An insurance company sells a contract to an insured party, promising protection against a defined array of losses, claims or liabilities. This creates a fiduciary relationship and a duty on the part of the insurer to deal with the insured in good faith. What about a performance surety’s obligation to a project owner in the event of a contractor default? The owner is a named obligee and a third-party beneficiary of the bond, but the owner had no contractual relationship with the surety on the bond. Does the surety owe the project owner a duty of good faith?
An Indiana court addressed this question. The project owner/obligee argued strenuously that bonds are regulated under the same statute as insurance policies, therefore conferring similar status. But the appellate court noted fundamental differences between the insurer-insured relationship and the surety-obligee relationship.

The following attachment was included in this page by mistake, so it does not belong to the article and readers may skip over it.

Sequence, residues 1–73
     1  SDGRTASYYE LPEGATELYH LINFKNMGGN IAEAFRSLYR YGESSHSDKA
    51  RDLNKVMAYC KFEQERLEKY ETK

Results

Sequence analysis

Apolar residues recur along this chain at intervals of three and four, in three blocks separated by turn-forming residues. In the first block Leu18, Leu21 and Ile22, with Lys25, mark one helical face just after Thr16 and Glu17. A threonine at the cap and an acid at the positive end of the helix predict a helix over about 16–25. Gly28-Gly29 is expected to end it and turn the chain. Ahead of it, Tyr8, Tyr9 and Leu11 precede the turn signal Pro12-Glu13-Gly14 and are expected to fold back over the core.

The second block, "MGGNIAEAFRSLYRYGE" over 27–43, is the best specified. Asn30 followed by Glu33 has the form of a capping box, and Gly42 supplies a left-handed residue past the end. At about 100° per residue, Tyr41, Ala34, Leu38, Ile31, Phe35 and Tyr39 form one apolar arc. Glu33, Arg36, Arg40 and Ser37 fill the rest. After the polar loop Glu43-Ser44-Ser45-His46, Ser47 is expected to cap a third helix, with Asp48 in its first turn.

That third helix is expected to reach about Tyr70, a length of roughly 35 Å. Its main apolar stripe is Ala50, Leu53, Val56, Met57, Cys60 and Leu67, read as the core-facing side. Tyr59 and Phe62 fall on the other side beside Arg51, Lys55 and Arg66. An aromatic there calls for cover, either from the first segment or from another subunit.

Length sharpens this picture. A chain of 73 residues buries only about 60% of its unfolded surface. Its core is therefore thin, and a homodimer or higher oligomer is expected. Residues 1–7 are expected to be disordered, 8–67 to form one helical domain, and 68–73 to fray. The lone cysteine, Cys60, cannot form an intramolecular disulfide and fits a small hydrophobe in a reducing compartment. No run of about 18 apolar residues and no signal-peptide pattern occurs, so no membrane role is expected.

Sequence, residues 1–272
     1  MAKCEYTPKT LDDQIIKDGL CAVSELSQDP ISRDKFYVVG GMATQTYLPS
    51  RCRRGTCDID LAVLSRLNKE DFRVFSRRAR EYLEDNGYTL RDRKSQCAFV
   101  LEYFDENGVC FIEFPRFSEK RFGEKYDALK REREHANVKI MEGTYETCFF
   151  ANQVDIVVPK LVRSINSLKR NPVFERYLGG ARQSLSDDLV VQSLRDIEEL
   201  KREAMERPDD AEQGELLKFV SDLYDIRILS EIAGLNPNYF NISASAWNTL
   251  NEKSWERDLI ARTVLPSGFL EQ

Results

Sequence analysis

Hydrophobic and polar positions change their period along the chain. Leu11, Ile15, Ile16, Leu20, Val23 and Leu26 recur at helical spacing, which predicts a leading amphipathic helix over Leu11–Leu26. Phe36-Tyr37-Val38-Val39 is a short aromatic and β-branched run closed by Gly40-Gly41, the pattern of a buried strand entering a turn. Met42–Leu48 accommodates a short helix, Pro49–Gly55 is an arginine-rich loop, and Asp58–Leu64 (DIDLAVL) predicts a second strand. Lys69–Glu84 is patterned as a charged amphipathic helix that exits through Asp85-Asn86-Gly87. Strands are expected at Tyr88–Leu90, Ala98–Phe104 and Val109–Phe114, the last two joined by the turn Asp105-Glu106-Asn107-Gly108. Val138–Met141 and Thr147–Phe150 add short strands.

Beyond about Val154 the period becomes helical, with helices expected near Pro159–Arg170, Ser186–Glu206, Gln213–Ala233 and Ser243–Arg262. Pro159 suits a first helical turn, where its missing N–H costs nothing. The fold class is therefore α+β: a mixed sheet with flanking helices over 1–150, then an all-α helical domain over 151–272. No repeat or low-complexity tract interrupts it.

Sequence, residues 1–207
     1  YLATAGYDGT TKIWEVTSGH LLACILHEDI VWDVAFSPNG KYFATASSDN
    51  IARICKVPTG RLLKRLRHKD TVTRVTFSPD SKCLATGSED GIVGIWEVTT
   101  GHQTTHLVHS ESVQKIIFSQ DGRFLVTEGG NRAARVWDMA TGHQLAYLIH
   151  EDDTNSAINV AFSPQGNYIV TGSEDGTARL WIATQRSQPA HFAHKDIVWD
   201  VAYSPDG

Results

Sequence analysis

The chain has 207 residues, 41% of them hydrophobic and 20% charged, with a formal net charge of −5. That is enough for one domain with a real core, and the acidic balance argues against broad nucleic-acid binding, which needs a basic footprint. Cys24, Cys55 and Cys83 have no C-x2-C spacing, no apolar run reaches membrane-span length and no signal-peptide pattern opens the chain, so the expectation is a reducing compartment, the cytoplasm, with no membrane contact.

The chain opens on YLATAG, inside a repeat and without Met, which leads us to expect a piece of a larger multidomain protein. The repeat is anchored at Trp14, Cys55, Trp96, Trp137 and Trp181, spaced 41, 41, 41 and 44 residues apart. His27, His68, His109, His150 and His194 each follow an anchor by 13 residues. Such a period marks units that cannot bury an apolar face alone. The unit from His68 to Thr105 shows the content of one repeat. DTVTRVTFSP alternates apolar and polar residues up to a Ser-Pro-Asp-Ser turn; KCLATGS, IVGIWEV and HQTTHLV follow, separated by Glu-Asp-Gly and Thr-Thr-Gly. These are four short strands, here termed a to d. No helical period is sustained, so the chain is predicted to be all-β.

The other case in this issue involved a statutory limitation period for a suit against a professional engineer. Where a builder owned the lot upon which it was building, the limitation period started to run when landslide damage to the land and infrastructure had been discovered. The builder/owner had argued for a later date when structural damage to the building had been discovered.